I had the function of the "hubcentric" element of the wheel hub, and spigot rings etc explained to me by a guy who manufactures hubcentric spacers, and it all seemed to make sense. So that's how I formed my opinion, and I'm fairly happy with it.
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  #24  
Old 13-12-10, 23:42
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Default Re: spigot rings or no spigot rings that is the question

Quote:
Originally Posted by steve71075 View Post
no argument here mate , just a discussion but i'm going to need a little more than "not fitting them is not safe" or the spigot rings take the weight of the van rather than the bolts before i change my mind from the " possibly the worst safety related advice I've seen on here" opinion i have .

the spigot rings only real function that i see is helping in the locating/centralisation of wheels when fitting and maybe if you did not tighten the wheel bolts correctly or have a problem with bolt/wheel combination . it may help the wheel stay on slightly longer .

once you have your five correct wheel bolts for the wheel in finger tight they have served their purpose . the wheel is then centralised both in relation to the hub up , down , left to right as well as clockwise/anti clockwise by torqueing the wheel bolts correctly and if everything is correct and the right procedure is followed then it will be near on impossible to get the wheel on non-central in relation to the hub because of the design of the wheel and wheel bolt .

so now we have the wheel bolted to the hub central and torqued correctly , i'd be willing to bet the wheel bolts are now taking 100% weight of the van purely down to the design of the wheel and wheel bolts . if there is a load being transfered to the spigot ring then there is something else wrong , my guess being most likely the bolts being wrong for the wheels .
if the weight of the van , say for instance 500kg a corner was sitting on that ring of plastic how long do you think the spigot would last ? and would you not agree that for the weight of the van to be sat on the spigot there would have to be problem and your more than likely about to lose a wheel anyway , whether a ring is fitted or not ?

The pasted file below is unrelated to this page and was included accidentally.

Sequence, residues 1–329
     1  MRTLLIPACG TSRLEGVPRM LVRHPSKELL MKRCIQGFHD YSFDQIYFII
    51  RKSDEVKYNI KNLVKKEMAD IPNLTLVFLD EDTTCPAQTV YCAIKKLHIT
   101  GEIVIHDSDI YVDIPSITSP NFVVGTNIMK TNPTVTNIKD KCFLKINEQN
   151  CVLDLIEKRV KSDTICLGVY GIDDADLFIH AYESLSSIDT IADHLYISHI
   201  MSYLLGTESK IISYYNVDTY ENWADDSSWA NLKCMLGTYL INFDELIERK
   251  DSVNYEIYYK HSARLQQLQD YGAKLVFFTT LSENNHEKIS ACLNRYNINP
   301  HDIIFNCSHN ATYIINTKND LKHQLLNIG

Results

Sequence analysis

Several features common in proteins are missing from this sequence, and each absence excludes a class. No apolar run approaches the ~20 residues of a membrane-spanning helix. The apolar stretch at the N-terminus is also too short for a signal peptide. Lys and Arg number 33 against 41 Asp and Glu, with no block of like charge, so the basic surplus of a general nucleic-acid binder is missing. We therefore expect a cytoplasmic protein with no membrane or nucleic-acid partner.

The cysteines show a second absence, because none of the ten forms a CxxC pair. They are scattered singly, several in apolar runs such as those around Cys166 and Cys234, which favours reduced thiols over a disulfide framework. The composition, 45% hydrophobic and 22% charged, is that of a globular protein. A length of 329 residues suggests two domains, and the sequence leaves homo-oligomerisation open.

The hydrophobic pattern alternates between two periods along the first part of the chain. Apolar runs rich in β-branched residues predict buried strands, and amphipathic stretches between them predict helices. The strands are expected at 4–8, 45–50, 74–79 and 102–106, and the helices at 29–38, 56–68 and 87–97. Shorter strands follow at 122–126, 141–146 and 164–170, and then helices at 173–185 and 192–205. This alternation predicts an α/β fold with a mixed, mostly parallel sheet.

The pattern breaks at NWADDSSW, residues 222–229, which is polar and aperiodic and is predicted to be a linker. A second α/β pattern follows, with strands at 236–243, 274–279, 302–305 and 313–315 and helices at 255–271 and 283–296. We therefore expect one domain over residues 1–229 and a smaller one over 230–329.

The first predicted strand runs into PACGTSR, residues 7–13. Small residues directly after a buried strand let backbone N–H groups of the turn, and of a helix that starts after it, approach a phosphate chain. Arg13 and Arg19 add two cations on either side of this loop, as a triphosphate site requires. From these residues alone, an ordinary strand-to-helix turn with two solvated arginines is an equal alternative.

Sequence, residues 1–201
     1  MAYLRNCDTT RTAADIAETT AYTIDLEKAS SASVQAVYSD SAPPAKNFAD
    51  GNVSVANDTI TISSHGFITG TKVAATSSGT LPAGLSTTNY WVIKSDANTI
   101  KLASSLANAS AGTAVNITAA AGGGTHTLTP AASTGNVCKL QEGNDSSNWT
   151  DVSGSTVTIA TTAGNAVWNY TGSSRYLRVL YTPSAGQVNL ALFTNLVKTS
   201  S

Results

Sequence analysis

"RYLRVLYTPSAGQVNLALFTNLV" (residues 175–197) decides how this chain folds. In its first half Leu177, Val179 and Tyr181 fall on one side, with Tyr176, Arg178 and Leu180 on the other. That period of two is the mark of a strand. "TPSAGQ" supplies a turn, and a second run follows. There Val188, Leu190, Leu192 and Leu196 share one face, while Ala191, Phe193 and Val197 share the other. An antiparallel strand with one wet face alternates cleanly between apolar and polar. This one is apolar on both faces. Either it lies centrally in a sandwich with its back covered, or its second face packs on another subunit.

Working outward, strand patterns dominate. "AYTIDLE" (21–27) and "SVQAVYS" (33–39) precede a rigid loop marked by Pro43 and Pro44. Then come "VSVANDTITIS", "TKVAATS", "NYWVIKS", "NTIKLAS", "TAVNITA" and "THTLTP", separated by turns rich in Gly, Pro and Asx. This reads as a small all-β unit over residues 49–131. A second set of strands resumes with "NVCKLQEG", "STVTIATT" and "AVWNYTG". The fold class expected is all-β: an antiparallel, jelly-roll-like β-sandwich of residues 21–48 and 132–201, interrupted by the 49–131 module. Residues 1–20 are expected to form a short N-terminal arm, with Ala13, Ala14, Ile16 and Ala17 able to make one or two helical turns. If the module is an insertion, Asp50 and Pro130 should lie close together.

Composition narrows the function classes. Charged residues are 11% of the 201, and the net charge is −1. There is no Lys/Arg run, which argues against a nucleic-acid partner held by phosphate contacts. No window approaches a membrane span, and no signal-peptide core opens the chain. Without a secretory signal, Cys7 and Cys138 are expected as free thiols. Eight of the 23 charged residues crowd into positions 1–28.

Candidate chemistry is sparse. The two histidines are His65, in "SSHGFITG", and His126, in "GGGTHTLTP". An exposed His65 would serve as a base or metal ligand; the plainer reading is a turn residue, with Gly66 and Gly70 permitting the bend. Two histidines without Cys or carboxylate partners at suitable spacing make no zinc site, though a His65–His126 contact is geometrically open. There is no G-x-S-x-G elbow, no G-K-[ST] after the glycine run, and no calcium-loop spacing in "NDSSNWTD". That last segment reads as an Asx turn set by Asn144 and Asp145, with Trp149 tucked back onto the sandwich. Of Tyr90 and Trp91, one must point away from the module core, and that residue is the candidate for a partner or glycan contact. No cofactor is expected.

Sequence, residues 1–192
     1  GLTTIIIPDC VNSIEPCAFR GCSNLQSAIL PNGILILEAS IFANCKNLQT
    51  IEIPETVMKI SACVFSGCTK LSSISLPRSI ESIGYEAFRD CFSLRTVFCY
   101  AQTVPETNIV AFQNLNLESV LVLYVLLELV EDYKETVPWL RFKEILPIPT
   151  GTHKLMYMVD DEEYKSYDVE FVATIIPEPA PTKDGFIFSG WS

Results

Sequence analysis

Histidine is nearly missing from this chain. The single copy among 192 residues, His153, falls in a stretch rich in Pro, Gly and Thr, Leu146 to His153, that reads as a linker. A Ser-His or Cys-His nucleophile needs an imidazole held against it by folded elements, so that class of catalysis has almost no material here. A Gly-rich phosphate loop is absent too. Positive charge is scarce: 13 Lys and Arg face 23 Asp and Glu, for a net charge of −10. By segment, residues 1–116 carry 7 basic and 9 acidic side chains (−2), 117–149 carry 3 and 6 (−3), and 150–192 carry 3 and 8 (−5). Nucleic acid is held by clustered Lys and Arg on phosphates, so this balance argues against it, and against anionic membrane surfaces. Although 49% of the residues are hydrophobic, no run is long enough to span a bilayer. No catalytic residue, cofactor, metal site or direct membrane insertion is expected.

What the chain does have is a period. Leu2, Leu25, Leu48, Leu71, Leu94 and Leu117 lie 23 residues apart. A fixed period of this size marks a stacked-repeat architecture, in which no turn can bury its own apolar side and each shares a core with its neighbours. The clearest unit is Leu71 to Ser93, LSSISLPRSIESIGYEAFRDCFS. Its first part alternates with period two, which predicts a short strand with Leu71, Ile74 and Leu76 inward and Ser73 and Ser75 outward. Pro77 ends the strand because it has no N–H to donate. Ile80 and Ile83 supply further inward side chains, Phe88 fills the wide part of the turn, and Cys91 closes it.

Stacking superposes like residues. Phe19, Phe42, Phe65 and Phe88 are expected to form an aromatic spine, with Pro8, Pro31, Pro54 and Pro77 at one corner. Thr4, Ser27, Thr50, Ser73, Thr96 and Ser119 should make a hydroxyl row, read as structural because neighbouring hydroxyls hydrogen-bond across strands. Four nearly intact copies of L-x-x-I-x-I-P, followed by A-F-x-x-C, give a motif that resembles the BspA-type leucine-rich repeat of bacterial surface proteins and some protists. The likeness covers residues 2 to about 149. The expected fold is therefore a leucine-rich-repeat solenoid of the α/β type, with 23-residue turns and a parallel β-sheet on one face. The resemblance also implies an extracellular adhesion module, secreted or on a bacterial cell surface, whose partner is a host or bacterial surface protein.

i can barely see a difference if you wheel comes loose , spigot ring or not . you may gain a little time with one , but if this has happened then there is another problem there anyway , either way the wheels falls off

i have driven 100's of thousands of miles without spigot rings on many many different vehicles and know many people who have done like wise . i have never come across a wheel coming of because spigot rings were not fitted apart from on the web . i don't believe in either . if a wheel falls off , there will be another reason why .

spigot rings conveinient , yes . essential , in my opinion , no not really . would i fit them if i was buying alloys , probably for convienience and i'm sure the alloy wheel place will be more than happy to take another tenner of you to make their job easier

if people want to put there faith in a small magic plastic ring thats fine , i'll just make sure i get the right bolts for the wheels and torque them correctly . i may be right or wrong and i'm perfectly willing to accept i'm wrong if someone can tell me why i'm going to instantly die by not fitting spigot rings .

merry xmas and happy new year to you all

steve
Sorry to say this but you are wrong, if you have wheels with different size centres to the original wheels, spiggot rings are essential, to give any other advice is dangerous.

Why I am sounding so sure of myself, because after fitting expensive after market wheels to my van when I first got it I hadn't heard of spiggot rings.
When my front wheel came off when I was driving at 70 MPH I soon found out why you need them!!!

Don't take my word for it do your own independent research, the hub takes the weight of the vehicle, the wheel bolts hold the wheel to the hub.

If you use wheels with a larger centre then the bolts are taking all the weight, even if the bolts are really tight the weight of the van and rotation of the wheel will cause slight vibration, which will cause the wheel to come loose.